Gretsh's reaction to the Les Paul was swift as the single cutaway Duo Jet hit the market in 1953, one year after the LP. It was Gretsch’s first "solid body" electric and only about 100-150 were produced in the first year.
Technically speaking the body is chambered, therefore putting it into a category of "semi-solid" as described by Gretsch. The first true solid body was the Corvette in 1961.
The name comes from its two DeArmond Dynasonic pickups (Duo) and (Jet) is a play on jet aircrafts which were just beginning commercial flights in the early 50s.
The Jet series has a lavish history of smart iterations from Gretsch and that didn't go unnoticed by players of the day. Notable musicians gracing the strings of a Jet from the 50s, 60s and 70s included Gene Vincent, Bo Diddley, George Harrison, Dan Fogelberg, & Malcom Young (his was ridiculously modified).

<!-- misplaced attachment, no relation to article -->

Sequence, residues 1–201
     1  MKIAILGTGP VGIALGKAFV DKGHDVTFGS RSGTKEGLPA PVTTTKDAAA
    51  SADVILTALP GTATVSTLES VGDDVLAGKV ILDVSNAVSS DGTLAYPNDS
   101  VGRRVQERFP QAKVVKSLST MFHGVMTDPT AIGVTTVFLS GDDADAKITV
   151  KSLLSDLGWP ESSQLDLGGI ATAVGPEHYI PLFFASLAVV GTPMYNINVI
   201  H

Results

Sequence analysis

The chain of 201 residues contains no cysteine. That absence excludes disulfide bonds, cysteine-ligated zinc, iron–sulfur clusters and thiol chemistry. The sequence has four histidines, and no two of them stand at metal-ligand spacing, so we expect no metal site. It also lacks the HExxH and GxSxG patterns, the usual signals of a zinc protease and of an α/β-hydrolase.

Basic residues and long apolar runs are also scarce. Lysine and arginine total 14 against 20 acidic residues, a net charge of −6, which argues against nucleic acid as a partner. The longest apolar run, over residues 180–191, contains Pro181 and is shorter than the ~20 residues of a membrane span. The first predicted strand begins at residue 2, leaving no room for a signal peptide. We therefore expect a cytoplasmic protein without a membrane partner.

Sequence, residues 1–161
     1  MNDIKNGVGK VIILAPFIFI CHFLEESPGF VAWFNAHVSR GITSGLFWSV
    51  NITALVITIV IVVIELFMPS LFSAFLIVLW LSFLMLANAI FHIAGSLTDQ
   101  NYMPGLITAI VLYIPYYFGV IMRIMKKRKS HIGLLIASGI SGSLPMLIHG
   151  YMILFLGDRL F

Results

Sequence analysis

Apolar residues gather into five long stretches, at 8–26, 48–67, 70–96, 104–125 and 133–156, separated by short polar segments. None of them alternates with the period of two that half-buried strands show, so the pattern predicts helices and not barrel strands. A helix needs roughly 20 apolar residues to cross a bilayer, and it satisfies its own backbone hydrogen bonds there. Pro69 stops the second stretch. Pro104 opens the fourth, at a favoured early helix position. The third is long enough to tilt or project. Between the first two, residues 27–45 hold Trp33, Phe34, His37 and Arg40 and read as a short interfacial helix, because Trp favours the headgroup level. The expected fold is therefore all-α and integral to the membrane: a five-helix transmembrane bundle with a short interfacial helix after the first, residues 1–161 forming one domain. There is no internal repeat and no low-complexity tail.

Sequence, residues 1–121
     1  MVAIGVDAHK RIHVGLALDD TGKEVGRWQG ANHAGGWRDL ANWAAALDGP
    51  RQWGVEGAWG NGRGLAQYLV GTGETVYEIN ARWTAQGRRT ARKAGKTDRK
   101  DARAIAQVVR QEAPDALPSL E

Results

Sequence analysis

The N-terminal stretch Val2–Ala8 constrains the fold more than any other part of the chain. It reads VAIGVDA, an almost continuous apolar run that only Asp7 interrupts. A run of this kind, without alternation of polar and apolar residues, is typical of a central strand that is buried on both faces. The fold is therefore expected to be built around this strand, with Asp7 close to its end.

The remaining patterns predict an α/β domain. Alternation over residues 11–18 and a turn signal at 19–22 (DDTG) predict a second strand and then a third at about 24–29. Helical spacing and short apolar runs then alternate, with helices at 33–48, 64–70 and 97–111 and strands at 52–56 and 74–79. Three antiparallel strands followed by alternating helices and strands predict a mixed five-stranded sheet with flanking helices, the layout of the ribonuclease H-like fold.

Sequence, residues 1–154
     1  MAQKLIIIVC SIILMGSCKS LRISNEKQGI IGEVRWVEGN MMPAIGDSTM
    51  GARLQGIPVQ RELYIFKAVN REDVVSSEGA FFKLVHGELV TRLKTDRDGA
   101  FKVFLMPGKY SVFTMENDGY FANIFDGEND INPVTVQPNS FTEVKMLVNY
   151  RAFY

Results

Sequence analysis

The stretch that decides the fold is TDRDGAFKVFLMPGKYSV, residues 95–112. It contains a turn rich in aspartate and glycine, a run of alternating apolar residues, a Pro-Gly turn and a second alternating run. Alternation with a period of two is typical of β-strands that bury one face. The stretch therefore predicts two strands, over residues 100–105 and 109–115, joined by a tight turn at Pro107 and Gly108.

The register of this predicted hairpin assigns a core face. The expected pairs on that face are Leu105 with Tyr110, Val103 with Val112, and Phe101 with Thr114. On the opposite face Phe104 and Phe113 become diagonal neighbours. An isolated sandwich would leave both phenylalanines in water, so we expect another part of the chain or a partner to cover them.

After the Duo Jet came:
Silver Jet, Round Up, Jet Fire Bird, Chet Atkins model (in addition to his Country Gentlemen), White Penguin (companion to White Falcon)
Another notable feature that arrived with the Duo Jet (a year later) was a revamped Gretsch logo in 1954. It was a change from the script logo on the headstock to the "T roof" logo which has mainly been used ever since.
In 1961 the single cutaway style of the Jet series was replaced with a symmetrical double cutaway. Gretsch ceased production of the original Jet series in 1971 during the Baldwin Pianos ownership era.
1953 Jet Duo Specs:
Laminated maple top with hard plastic coating (similar to what they used on drums)
Chambered mahogany body
Rosewood fretboard on the "Miracle Neck"
Melita Synchro Sonic bridge with independent intonation adjustments for each string
Master volume on the cutaway
Two Volume knobs, one for each pickup
Master tone knob
1 pickup switch
DeArmond Dynasonic pickups